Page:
With jackets made out of recycled leather, Deadwood has a unique view on vintage clothing. Get acquainted with a brand without fear of breaking fashion boarders and listen to their favourite tunes from their Forumist mixtape.
Five years ago two jeans salesmen, Carl Ollson and Felix von Bahder, left the denim store Solo to start a vintage shop of their own. They chose to call it Deadwood and their mutual admiration for old and loved garments started an interest for reused fabric. After closing the store, located in southern Stockholm, in 2012 Carl and Felix decided to focus on designing leather jackets made out of already used, and already loved, leather. Thanks to an old colleague at Solo (Mackan Lindström, now running Lilla Baren at Riche in Stockholm) who expressed an interest for the products, the brand had its first buyer. “At the time,” Felix reminisces “we didn’t even have a show room to display the jackets in, so we borrowed an office space from a friend for the meeting with Solo.” With contacts in a Bangkok factory and orders for jackets coming in from all over the world, Deadwood had gotten a kick start.
Today, three years after the closing of the original Deadwood store, Carl and Felix have opened a new flagship shop, also located in southern Stockholm. The project has grown very popular in the three years of its existence and Carl says that opening a store of their own again was the natural development, seeing as the web shop has been very well visited. With the increasing amount of work coming their way, the fashion duo received reinforcement in the form of Carl’s younger brother, Johan Ollson, who helped with the opening of the flagship store.
Since the inception of Deadwood, the boys have always collaborated freely with others, often outside of the fashion industry. One of their furthest steps from fashion was co-operating with Stockholm Brewing in making the Deadwood Session IPA, a tasteful beer that was appreciated among food critics. Felix explains that they are comfortable with being outsiders and with doing things that are usually unexpected for a fashion brand. One such collaboration is Deadwood’s work with artist James Concannon and his brand Dead Beuys (probably named after influential performance artist Joseph Beuys). During New York Fashion Week this year, Concannon spray painted words like “Morrissey Sucks Ass” and “Never gave a shit” onto a couple of Deadwood’s jackets, at a fashion event followed by an after party featuring several live bands at Bohemian Grove in Bushwick, Brooklyn.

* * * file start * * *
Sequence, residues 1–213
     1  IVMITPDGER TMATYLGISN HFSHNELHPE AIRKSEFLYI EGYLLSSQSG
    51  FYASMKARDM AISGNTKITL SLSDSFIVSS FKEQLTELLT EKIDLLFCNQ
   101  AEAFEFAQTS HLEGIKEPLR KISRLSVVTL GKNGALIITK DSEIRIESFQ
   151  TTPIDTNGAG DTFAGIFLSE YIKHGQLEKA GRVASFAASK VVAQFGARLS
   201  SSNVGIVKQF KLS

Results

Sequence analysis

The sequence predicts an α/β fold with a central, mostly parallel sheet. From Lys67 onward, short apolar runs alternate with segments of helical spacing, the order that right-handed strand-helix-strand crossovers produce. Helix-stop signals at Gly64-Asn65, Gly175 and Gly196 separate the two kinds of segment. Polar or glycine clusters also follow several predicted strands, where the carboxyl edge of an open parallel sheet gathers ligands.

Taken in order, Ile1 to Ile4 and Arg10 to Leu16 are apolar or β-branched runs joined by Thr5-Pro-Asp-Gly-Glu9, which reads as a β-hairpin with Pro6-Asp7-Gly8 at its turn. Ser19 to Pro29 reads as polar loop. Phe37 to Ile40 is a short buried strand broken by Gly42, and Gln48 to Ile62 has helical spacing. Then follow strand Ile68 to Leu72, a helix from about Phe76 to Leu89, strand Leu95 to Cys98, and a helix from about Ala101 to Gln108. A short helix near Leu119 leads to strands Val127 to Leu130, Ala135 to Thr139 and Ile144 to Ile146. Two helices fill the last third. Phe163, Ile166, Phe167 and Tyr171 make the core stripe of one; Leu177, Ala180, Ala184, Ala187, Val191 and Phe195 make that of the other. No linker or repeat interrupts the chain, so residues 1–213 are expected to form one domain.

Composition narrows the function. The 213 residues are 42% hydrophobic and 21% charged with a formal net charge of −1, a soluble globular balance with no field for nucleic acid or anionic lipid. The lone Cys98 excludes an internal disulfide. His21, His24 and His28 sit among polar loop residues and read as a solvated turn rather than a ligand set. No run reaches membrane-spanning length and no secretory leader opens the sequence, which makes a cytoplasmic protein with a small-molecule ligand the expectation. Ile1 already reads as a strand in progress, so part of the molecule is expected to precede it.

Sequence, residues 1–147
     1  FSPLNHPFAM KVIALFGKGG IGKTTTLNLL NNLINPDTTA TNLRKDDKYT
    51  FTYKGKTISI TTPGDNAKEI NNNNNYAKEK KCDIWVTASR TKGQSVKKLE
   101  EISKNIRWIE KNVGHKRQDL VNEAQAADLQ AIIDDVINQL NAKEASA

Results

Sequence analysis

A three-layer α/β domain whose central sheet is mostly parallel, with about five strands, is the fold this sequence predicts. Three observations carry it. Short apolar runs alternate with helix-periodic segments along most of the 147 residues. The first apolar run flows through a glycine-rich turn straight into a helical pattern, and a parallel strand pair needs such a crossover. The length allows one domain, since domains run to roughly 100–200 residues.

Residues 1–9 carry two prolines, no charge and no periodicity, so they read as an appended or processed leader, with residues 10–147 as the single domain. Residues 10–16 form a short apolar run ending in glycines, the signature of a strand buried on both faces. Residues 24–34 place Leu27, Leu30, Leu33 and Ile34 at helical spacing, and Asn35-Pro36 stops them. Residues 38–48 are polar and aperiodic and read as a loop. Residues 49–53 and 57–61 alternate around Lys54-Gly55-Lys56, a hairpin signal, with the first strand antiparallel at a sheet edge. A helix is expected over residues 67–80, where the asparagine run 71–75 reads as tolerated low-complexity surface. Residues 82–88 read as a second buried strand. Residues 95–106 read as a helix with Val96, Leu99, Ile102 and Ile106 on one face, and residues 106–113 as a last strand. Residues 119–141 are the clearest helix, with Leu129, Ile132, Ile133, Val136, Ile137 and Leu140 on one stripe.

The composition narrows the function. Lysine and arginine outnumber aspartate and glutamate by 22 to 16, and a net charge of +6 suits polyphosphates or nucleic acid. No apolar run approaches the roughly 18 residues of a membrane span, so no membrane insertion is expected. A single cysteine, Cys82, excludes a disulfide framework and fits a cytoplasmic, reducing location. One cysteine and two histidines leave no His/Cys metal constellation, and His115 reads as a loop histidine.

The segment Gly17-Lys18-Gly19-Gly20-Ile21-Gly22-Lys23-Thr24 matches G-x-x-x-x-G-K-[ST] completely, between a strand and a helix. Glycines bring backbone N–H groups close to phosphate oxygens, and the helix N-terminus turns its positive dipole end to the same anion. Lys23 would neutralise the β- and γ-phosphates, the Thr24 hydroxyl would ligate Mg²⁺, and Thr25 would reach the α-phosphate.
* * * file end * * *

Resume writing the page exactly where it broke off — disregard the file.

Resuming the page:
Music is close to the Deadwood heart; Carl and Felix have set up festivals under St:Eriksbron, a bridge in central Stockholm City and from an early stage they sponsored musicians with jackets rather than giving them to fashion bloggers for promotion. The boys befriended Scottish band Glasvegas through such a sponsorship and that friendship has given both ways. Singer James Allan, now living in Stockholm with Glasvegas drummer Jonna Löfgren, played a surprise set to the few lucky guests who were present at Deadwood’s house warming party in Gamla Stan (where they share a building with eye wear company Vasuma).
“Musicians and music has always been a great inspiration to us” Carl says when we get into the topic of their mix tape, named “Bruised Knee Youth” after the working title for the next Deadwood collection. The tape starts off with “Graveyard’s Full”, a beautifully macabre song by California’s wonderful pop sensation The Growlers and continues with hits like Mac DeMarco’s “Cooking Up Something Good” and Richard Hell’s “Blank Generation”. Carl explains that the tape is a combination of songs that they have used on store openings, shows and other various Deadwood events, and he says that the mix is “truly Deadwood”. As a brand so deeply linked to music, one can almost see the songs sown into their recycled garments, which makes the trademark of Deadwood something unique and exciting to witness.
Words by Filip Lindström